Any of us would wish to do half as good as he did for himself and his family.

The rest of the world will not remember Bill Gates as the guy who had a hand in the worlds most insecure os (at some point, the situation has changed a bit), or the guy whose company did some really dirty business deals.

They'll remember the billionaire that gave away a fortune through his foundation to cure all kinds of diseases.

Gates won the PR battle long ago. It's just us IT guys that see the rest of the story, and mostly because they are forced to work with stuff that they would not work with if they had a choice.

The difference is that in this case, we are talking about a company/product that is associating itself with insecure software, before that company has become hugely successful. Bill Gates can't be hurt by the associations anymore; this product still can be hurt by association with Wordpress. Being acquired by Automattic may mean you have just limited your clients to Wordpress, because no-one else dares use a plugin by Automattic.

No, we're talking about a person joining a company that has produced insecure software and whether or not that would 'rub off'.

That's a weird way of looking at it. As though people working for microsoft are automatically associated with making insecure software.

The people that make wordpress that are responsible for the security - or lack there off - have some egg on their faces, but the person whose company just got acquired obviously does not.

For one the acquisition is after this particular bug was found, secondly he is not working on that part of the wordpress code but on the text polishing feature.

Major difference.

To suggest it would 'rub off' is to lump all the wordpress employees onto one heap and assign blame/attach stigma for the acts or negligence of the wordpress security team.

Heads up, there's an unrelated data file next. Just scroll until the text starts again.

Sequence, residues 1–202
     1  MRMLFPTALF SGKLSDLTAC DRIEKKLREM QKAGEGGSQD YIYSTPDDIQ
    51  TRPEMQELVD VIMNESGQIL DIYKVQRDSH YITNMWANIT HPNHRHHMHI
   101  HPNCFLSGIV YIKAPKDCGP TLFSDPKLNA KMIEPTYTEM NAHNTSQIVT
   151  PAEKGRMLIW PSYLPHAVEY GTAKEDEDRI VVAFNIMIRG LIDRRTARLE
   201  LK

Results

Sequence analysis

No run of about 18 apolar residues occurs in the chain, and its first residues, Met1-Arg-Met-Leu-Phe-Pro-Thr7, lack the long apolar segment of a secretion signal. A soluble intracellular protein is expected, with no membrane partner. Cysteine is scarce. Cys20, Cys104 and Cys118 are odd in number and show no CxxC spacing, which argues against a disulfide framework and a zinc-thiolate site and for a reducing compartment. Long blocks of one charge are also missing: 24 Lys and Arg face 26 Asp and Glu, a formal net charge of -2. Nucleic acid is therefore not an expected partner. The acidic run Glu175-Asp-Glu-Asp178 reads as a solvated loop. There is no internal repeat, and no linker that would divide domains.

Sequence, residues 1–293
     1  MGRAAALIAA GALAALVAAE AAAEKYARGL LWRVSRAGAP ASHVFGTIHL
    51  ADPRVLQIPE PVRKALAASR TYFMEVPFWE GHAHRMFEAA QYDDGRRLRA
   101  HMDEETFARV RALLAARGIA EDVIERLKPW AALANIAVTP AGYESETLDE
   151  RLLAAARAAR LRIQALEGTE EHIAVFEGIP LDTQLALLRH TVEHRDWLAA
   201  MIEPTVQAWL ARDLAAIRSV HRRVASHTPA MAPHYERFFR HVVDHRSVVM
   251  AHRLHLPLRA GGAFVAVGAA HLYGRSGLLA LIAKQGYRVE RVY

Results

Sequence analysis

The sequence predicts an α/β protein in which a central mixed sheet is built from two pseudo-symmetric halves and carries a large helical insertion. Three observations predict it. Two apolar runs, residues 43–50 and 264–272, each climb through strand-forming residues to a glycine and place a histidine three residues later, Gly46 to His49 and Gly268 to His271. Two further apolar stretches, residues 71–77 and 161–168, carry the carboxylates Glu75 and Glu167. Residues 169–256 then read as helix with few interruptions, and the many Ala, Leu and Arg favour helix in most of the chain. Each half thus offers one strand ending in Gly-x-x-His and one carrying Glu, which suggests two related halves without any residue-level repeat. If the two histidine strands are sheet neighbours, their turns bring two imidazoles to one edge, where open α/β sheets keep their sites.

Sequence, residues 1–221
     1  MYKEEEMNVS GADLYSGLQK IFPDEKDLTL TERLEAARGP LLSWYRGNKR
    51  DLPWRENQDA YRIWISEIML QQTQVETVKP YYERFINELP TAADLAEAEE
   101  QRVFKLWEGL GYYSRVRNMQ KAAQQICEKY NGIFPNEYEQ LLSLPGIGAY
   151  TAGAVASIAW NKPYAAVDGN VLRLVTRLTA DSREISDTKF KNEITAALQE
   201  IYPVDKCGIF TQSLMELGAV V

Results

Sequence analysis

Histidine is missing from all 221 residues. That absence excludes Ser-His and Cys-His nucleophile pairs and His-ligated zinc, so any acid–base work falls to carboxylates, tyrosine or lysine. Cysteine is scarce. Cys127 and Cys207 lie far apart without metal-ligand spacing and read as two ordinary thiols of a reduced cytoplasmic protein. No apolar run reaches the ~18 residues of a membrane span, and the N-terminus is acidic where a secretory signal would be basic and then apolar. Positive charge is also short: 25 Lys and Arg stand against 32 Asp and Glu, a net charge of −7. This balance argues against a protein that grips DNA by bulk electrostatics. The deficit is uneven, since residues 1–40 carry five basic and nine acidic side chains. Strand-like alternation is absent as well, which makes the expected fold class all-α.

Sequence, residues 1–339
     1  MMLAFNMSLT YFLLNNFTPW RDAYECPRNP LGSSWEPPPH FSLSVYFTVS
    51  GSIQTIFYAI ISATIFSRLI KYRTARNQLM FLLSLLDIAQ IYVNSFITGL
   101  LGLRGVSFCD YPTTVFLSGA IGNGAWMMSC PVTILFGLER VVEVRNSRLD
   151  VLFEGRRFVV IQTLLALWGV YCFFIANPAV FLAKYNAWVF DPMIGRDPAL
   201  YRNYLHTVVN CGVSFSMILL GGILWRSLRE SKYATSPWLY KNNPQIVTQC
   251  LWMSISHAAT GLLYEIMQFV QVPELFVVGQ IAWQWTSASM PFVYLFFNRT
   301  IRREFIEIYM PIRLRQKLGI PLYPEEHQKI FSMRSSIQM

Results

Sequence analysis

And that is where it should rub off on.

The 'on me' bit makes it pretty clear this is a personal issue and not about people not using the software produced by the company.

As in "even after you leave that company you will still carry the stigma of having worked for a company that produced insecure software".

I'm not sure why my question here is being voted down; the fact that wordpress is famously insecure is hardly controversial.

Can some downvoters please explain?

It sounds like you are whining about Wordpress, rather than just commenting on the article.

Microsoft Research did a lot of work on Haskell. Does the multitude of Windows viruses make you not want to use Haskell? Probably not. It just doesn't matter.

It sounds like you are whining about Wordpress

I fail to see how the original question qualifies as 'whining about Wordpress'.

To be fair, he was just asking if there were any concerns? Doesn't deserve such rabid downvoting imho.

I like you and wholeheartedly agree with your reasoning, but in this context your comment is really a 'question' -- it's basically a concern troll.

Which of Automattic's services (WordPress.com, Akismet, Gravatar, IntenseDebate, and Polldaddy) do you consider famously insecure?

"[...] as part of an application to Y-Combinator, Spring 09. Later, I was greeted with a rejection letter. But that was ok! I knew I didn’t need permission to start a business. So on I went."

I think we all can take a good lesson from this example of determination.


If they have a better spell checker, why tie it to a particular editor/web site?

It's a software as a service so it isn't tied to a particular editor/web site.

I chose to support TinyMCE as the first editor because of its excellent plugin API and use in popular applications. I chose WordPress as a first application because of its excellent plugin API and infrastructure for distributing plugins to users. The fact I think it's pretty slick helped too.

  It's a software as a service
So, when you say you're going to open-source it, does that include the backend?

Yes, the front-end stuff is already available under an open source license. Something about AtD that amazes me is there isn't a lot of code. The data and the rules do most of the work. (although there is a lot of stuff to manage the training and testing processes)

Thanks for the info.

Did you make more than you would have consulting over the same time period?

I don't think he could have consulted on anything that would be used by hundreds of thousands of content producers (bloggers) around the globe. I could be wrong. But I doubt it.